Pathways from proactive and reactive aggression to substance use
Fite, Paula J.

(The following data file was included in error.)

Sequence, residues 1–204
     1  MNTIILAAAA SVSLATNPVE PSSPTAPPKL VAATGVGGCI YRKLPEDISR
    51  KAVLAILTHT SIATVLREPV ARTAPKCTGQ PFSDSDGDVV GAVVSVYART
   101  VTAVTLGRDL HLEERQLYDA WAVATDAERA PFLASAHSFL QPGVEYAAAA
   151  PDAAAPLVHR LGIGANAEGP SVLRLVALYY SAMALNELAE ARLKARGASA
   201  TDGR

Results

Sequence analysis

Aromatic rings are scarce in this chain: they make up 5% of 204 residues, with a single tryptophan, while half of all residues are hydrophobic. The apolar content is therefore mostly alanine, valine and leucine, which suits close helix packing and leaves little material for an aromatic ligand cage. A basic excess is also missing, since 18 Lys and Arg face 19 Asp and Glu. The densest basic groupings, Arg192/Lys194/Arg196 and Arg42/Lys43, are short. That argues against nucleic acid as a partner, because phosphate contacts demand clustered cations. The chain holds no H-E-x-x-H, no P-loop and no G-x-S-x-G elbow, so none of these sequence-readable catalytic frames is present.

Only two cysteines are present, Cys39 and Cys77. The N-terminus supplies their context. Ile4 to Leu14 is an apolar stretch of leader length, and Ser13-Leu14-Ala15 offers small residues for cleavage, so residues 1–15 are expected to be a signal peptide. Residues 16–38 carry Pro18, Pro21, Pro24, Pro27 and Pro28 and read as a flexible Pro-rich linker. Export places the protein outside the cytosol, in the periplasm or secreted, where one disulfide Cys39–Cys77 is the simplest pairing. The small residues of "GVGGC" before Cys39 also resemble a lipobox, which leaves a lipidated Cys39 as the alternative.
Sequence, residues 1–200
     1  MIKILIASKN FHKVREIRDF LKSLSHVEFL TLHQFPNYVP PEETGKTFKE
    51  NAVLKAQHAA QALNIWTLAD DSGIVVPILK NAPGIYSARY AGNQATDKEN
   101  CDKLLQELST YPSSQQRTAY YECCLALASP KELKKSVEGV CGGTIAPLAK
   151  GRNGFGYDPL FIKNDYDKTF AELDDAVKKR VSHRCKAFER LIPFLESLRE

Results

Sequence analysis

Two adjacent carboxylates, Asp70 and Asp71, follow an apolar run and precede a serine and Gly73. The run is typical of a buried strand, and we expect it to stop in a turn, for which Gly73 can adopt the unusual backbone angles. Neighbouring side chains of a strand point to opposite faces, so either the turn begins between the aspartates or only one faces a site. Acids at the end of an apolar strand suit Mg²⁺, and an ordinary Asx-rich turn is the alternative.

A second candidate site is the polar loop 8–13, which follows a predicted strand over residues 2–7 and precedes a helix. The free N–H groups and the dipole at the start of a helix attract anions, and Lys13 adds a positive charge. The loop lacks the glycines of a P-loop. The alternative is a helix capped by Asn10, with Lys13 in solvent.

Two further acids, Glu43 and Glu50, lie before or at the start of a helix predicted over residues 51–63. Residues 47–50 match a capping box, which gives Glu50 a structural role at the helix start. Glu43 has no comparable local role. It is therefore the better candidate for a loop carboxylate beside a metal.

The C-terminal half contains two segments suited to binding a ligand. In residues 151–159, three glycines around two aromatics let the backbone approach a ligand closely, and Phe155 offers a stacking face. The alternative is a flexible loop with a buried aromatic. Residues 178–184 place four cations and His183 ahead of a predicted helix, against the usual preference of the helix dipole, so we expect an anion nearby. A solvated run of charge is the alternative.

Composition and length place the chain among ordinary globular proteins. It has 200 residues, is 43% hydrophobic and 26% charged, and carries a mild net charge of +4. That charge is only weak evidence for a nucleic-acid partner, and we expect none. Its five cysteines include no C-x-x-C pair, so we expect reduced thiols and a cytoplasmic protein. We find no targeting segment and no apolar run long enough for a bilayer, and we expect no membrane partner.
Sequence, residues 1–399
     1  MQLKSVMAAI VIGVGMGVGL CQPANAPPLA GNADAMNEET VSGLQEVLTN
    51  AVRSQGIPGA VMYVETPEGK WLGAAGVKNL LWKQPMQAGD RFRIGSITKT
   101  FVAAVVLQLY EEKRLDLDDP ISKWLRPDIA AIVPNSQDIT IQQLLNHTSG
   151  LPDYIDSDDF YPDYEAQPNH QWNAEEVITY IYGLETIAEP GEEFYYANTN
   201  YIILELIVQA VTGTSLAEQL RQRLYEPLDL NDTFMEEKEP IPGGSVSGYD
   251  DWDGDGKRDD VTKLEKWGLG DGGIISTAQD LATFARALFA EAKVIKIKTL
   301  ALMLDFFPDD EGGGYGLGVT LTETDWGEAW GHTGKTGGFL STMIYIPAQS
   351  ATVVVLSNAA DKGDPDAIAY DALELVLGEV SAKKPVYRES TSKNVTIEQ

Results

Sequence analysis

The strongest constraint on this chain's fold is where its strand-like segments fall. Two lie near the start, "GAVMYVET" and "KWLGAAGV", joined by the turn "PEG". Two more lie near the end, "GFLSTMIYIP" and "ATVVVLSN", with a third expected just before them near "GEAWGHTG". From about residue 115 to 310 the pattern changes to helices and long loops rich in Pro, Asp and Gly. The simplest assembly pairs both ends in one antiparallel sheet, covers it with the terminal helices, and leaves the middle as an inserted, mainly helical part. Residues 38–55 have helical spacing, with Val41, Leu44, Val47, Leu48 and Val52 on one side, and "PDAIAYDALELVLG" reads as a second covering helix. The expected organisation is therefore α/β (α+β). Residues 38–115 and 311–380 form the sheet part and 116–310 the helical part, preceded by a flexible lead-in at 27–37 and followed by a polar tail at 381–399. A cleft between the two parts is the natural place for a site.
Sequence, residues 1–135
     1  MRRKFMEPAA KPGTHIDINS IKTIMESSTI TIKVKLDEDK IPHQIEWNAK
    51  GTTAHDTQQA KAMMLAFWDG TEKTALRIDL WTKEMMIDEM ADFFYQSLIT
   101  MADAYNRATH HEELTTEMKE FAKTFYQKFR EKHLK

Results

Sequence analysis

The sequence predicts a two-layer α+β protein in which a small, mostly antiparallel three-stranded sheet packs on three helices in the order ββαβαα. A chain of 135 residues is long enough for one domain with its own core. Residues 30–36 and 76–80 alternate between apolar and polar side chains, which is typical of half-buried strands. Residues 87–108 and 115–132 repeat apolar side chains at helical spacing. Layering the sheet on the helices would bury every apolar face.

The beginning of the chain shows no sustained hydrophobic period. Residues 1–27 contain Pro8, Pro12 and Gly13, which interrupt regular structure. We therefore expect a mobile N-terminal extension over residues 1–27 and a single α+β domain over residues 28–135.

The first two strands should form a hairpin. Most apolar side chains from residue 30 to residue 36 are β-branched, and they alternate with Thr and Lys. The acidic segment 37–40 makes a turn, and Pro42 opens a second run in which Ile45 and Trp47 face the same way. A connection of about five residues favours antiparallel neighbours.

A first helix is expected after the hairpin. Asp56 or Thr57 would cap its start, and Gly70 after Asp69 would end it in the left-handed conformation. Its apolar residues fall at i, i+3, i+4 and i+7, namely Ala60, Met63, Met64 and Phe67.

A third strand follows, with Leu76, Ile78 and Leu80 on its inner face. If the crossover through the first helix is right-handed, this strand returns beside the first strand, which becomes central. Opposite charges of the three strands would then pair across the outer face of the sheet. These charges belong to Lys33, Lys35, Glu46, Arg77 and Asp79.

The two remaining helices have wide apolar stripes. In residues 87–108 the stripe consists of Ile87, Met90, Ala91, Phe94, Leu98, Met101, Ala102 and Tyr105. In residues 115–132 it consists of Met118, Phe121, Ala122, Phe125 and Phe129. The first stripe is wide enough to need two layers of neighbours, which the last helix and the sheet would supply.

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Research has consistently shown that risk for substance abuse starts early, much earlier than when children actually initiate substance use. It is important to further study the pathways that lead to substance abuse to better refine current prevention and intervention strategies. Research has linked physical aggression to later substance use; however, aggression is not a unidimensional construct. Aggressive acts can be divided into two functions, proactive and reactive. However, little research has examined how proactive and reactive aggression relate to substance use. The current study examined whether childhood proactive aggression, reactive aggression, or both were related to adolescent substance use (i.e., alcohol, tobacco, and marijuana). In addition, the study examined whether peer rejection and peer delinquency mediated the relation between these two subtypes of aggression and substance use. Findings suggested that reactive aggression was associated with increased risk for alcohol use initiation. In addition, reactive aggression was associated with marijuana use through self-delinquency. Contrary to expectation, however, proactive aggression was found to be protective of alcohol and marijuana use. Recommendations for future research are discussed.